New tapings: Parker Millsap, CeCe Winans and Alejandro Escovedo

photo by Laura Partain

Austin City Limits closes out a remarkable Season 42 on a high note with the final artist tapings: Parker Millsap on November 9, CeCe Winans on November 20 and Alejandro Escovedo on November 30.  St. Paul and the Broken Bones will also tape a show on November 20, as previously announced.

Following a triumphant appearance on this year’s Americana Music Festival special, singer/songwriter Parker Millsap makes his Austin City Limits debut in support of his third album The Very Last Day. The 23-year-old grew up doing congregational singing in church and listening to old blues albums in his room, not realizing that howling like a Delta blues ghost readying the world for rock & roll isn’t how a skinny white boy from Purcell, Oklahoma usually sounds. The Very Last Day proves an ideal vehicle for Millsap’s message, delivered via gospel-tinged rock & roll poetry. In the midst of a world fond of condemnation as entertainment, Millsap offers open-armed love of people and their stories. Whether he’s singing about the experience of a gay friend, longing for his evangelical father’s acceptance, or as the King of the Underworld wild with passion, his character-driven songs mine deep wells of joy and despair to create gut-punching narratives that are sometimes hellish, sometimes heavenly, and always human. We’re happy to welcome Parker Millsap to his first Austin City Limits taping.

Part of gospel’s first family the Winans, CeCe Winans is the best-selling female gospel artist of all time. The Detroit native made her performing debut with her brother BeBe in 1982 as part of the PTL Singers. The pair launched their career as a duo in 1987, releasing bestselling albums that earned them gold and platinum albums, three Grammy awards, nine Dove awards and numerous hit singles on the R&B charts. CeCe began her solo career in 1995 with the Grammy-winning platinum album Alone in His Presence, scored a top 10 single in “Count On Me,” a duet with close friend Whitney Houston, and has continued to have an impact on gospel and R&B music ever since. She comes to the ACL stage bearing latest single “Never Have to Be Alone,” as well as new songs from a forthcoming record to be released in 2017. We’re thrilled to welcome the great CeCe Winans to her first Austin City Limits, where she will share the stage with dynamic Alabama soul outfit St. Paul & the Broken Bones.  

photo by Nancy Rankin Escovedo

Veteran Austin singer/songwriter Alejandro Escovedo returns to our stage in support of Burn Something Beautiful, his twelfth solo album. Recorded in Portland with R.E.M.’s Peter Buck and the Minus 5’s Scott McCaughey as co-writers and producers, Burn Something Beautiful is at once a celebration of the rock & roll life, a contemplation of mortality and a tribute to the healing power of love. The project coalesced beautifully with the help of an esteemed group of musicians who give the album a band feel, including ACL vets Steve Berlin (Los Lobos), Kelly Hogan (Neko Case), John Moen (the Decemberists) and Corin Tucker (Sleater-Kinney). Connecting repeatedly with his soulful heart and voice at its core, Burn Something Beautiful is Alejandro Escovedo at his very best. The San Antonio native is, of course, no stranger to ACL – he has been on the show four times previously, starting as a member of Rank & File when they appeared on the show in 1983. We’re thrilled to welcome back Alejandro Escovedo.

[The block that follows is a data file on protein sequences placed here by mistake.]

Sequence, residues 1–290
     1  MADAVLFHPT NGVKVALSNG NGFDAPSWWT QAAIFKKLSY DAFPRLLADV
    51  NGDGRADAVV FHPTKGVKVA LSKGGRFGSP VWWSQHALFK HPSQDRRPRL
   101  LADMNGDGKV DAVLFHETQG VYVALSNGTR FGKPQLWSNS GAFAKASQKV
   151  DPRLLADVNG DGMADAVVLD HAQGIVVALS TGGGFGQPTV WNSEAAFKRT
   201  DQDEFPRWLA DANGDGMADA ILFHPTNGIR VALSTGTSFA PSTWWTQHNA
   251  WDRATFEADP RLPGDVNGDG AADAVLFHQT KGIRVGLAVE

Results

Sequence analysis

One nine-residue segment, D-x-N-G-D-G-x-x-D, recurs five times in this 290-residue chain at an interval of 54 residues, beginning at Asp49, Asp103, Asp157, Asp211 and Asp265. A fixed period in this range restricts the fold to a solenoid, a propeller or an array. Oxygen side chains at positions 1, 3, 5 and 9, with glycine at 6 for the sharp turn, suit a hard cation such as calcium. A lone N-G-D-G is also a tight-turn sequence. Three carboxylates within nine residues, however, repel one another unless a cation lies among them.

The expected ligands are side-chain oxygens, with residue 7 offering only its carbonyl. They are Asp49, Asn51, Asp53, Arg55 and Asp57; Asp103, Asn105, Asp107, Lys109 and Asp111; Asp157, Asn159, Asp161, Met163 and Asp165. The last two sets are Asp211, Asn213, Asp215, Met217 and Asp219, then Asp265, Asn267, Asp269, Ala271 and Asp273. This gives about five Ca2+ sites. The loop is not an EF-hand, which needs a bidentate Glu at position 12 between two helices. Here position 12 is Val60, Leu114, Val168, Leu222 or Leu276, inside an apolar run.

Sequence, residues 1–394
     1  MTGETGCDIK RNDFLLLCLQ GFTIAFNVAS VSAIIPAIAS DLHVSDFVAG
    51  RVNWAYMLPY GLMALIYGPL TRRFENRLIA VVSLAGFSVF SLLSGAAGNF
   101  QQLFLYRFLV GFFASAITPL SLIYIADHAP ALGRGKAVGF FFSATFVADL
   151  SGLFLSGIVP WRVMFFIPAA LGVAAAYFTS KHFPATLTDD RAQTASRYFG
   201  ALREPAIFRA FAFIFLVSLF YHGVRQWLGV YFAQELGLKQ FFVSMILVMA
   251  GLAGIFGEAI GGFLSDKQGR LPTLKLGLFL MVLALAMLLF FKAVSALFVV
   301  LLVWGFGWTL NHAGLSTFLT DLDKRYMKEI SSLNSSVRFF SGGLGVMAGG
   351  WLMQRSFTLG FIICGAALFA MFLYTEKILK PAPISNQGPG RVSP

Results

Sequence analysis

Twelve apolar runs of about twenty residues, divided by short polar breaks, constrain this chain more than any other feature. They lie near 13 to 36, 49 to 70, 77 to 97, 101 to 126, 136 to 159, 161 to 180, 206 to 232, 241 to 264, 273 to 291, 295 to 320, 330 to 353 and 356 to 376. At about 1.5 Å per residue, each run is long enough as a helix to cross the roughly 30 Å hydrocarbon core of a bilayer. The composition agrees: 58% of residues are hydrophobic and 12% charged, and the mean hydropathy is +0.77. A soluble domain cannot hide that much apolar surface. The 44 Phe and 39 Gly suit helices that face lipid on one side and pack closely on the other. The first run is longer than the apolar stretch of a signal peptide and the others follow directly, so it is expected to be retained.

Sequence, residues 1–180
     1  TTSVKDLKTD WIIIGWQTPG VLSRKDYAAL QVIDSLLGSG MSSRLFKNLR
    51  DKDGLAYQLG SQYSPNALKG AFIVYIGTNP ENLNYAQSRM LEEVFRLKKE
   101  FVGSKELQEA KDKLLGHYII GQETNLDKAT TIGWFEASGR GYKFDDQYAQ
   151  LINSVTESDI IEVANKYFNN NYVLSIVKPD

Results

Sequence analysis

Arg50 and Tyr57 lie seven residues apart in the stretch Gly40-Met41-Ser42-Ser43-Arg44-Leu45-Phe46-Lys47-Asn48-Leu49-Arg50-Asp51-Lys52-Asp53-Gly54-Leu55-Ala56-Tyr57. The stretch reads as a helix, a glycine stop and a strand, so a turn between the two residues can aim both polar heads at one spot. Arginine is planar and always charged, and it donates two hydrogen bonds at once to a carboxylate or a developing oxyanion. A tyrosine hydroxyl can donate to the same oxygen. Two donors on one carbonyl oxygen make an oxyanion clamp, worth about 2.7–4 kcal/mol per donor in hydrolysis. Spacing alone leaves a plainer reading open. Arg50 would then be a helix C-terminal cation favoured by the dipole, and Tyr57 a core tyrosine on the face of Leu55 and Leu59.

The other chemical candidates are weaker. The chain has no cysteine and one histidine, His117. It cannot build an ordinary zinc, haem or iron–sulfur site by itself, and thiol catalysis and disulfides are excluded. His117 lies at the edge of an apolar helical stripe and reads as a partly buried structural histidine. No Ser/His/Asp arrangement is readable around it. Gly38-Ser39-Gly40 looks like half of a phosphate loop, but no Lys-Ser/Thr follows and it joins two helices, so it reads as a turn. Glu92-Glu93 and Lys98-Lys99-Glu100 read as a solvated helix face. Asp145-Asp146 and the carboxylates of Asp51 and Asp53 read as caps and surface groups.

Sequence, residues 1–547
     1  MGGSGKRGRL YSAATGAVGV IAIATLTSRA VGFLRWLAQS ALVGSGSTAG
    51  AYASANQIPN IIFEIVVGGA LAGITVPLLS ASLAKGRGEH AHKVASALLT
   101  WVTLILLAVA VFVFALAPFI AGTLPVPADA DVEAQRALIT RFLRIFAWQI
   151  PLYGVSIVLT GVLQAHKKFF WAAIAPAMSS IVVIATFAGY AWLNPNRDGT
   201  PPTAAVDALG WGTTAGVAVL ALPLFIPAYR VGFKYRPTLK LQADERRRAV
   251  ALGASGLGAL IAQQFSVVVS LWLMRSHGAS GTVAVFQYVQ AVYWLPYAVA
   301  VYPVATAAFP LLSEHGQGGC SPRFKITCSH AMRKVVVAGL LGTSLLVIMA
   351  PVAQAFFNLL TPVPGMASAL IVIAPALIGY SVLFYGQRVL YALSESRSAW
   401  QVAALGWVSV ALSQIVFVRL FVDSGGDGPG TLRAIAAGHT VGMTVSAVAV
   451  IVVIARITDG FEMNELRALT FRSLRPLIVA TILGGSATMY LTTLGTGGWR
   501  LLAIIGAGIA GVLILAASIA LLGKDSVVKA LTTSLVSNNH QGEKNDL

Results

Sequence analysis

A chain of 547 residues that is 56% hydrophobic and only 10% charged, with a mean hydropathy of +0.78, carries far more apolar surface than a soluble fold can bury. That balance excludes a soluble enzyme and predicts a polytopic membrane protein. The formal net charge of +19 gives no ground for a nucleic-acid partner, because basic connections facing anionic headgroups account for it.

Want to be part of our audience? We will post information on how to get free passes about a week before the taping. Follow us on Facebook and Twitter for notice of postings.

Robert Plant returns to Austin City Limits for Season 42

photo by Scott Newton

Austin City Limits presents a thrilling hour with Robert Plant in an unforgettable performance marking the legendary frontman’s return to the ACL stage for the first time in more than a decade. The career-spanning set features Led Zeppelin classics alongside more recent songs in an episode that will delight die-hard fans and music fans everywhere.  

From the opening riffs of Led Zeppelin staple “The Lemon Song,” Plant commands the stage with his dynamic presence and iconic vocals. Backed by his world-class six-piece band the Sensational Shape Shifters, the rock superstar performs Zeppelin classics, including “Black Dog,” and an electrifying version of “Babe I’m Gonna Leave You.” Plant artfully mixes new and old, captivating the audience with songs from throughout his fascinating musical journey, including the blissed-out reverie of early solo smash “In The Mood” and recent standout “Rainbow” from 2014’s acclaimed lullaby and…The Ceaseless Roar. With his multi-cultural, diverse band, the icon explores the connection between rock ‘n’ roll and traditional African music, revitalizing fan favorites with West African instruments to glorious effect. Closing out the set with an explosive performance of the face-melter “Whole Lotta Love,” Plant weaves blues standards “I Just Want to Make Love to You” and “Hey! Bo Diddley” into the classic, demonstrating the epic scope of his illustrious career.

“Robert Plant is one of the few artists from any generation who can stand the test of time while always exploring, experimenting, and expanding his musical horizons,” says ACL executive producer Terry Lickona. “Yet there’s a common thread of genius through all his music, from the earliest Zeppelin tunes to his newest work. Then there’s that voice! We are truly honored to have such a legend return to our stage for a second time.”

photo by Scott Newton

Tune in this weekend for this episode, and, as always, check your local PBS listings for the broadcast time in your area. Go to the episode page for more info, and don’t forget to click over to our Facebook, Twitter and newsletter pages for more ACL info. Tune in next week for another brand new episode featuring the return of Florence + the Machine and the debut of Andra Day.